Ackman Switches Tactics In Fight Against Herbalife
Shares in weight loss company Herbalife Ltd (NYSE: HLF) dipped sharply today on yesterday’s news that activist investor Bill Ackman is retreating on his enormous short trade against the company. Ackman’s Pershing Square has swapped more than 40 percent of his $1 billion Herbalife equity short for long-term put options. Ackman has been quoted as saying that shutting down Herbalife would be the ”greatest achievement of his life.” He has accused the company of being the most well managed pyramid scheme in the world. Now it looks like he’s changing strategy in his war against HLF in an attempt to mitigate Pershing Square’s losses on the investment, which have soared into the hundreds of millions so far.
Ackman has not thrown in the towel, but he is protecting his company. In a letter to investors yesterday, Pershing Square reiterated Mr. Ackman’s contention that Herbalife is a pyramid scheme that engages in unlawful and deceptive business practices and that it is only a matter of time before the Feds step in and shut it down. In an explanation of the share swap the letter states:
In order to mitigate the risk of further mark-to-market losses on Herbalife, in recent weeks we have restructured the position by reducing our short equity position by more than 40% and replacing it with long-term derivatives, principally over-the-counter put options. The restructuring of the position preserves our opportunity for profit if the Company fails within are reasonable time frame we will make a similar amount of profit as if we had maintained the entire initial short position while mitigating the risk of further substantial mark-to-market losses because our exposure on the put options is limited to the total premium paid. In restructuring the position, we have also reduced the amount of capital consumed by the investment from 16% to 12% of our funds.”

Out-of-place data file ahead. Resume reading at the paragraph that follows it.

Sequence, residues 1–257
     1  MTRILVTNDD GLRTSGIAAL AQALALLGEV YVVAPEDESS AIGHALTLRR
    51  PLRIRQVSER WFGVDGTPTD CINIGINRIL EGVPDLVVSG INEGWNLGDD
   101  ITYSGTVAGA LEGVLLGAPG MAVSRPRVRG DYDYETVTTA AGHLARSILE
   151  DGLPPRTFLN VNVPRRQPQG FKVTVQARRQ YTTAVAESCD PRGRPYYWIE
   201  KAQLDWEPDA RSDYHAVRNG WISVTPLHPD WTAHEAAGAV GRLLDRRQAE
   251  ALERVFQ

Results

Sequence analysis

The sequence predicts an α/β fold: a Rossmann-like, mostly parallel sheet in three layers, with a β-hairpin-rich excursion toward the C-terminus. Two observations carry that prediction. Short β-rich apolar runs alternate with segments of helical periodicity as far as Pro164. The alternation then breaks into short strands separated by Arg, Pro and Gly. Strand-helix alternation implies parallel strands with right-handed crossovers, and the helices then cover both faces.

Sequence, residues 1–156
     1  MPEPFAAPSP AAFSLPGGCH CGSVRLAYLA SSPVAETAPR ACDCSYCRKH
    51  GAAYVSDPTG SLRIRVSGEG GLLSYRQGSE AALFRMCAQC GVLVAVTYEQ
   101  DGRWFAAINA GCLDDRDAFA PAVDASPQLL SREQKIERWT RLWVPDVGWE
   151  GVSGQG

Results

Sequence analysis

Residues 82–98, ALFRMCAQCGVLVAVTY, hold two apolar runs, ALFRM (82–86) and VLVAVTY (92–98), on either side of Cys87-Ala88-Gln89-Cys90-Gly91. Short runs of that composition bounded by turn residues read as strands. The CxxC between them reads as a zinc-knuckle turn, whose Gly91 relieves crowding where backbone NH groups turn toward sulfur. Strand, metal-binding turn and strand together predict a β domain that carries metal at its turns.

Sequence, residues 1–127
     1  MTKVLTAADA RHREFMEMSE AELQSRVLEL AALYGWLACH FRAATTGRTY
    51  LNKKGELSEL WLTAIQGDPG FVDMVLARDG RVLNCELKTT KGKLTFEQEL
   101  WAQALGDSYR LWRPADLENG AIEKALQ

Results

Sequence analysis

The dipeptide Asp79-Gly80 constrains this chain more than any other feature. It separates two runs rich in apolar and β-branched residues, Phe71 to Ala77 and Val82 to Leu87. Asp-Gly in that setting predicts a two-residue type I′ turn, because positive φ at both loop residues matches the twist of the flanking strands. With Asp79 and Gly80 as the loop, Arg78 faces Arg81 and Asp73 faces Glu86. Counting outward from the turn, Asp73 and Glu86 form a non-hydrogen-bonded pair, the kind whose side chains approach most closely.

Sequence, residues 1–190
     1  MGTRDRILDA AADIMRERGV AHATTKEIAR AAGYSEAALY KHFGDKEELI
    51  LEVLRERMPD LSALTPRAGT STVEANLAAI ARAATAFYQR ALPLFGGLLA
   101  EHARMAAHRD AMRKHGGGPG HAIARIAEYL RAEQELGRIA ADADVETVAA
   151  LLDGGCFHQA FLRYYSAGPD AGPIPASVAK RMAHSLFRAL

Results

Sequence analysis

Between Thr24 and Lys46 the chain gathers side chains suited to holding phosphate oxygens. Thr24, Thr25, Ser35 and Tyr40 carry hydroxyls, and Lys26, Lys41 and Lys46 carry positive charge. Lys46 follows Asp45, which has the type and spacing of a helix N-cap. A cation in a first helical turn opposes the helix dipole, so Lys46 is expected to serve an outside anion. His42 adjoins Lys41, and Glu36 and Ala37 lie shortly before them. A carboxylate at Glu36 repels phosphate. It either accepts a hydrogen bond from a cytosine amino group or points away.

In December of 2012, Ackman revealed that he was shorting 20 million shares, or $1 billion, worth of Herbalife stock with a price target of $0 in an attempt to drive the controversial weight loss company out of business. That hasn’t worked out so well. Since then, shares of the company have risen more than 71 percent and Pershing has lost an estimated $500 million. Herbalife’s CEO, Michael Johnson, has called on the U.S. Securities and Exchange Commission to pursue Ackman for blatant market manipulation. Ackman is not the first to make a case against Herbalife. David Einhorn, well-known for his achievements in shorting stocks, was asking hard-hitting questions of Herbalife’s management months ago.
Shares of Herbalife are trading on average volume today but have lost over 7 percent thus far.
Disclosure: The author has no position in the stocks mentioned in this article, and does not intend to initiate any position in the next 48 hours.
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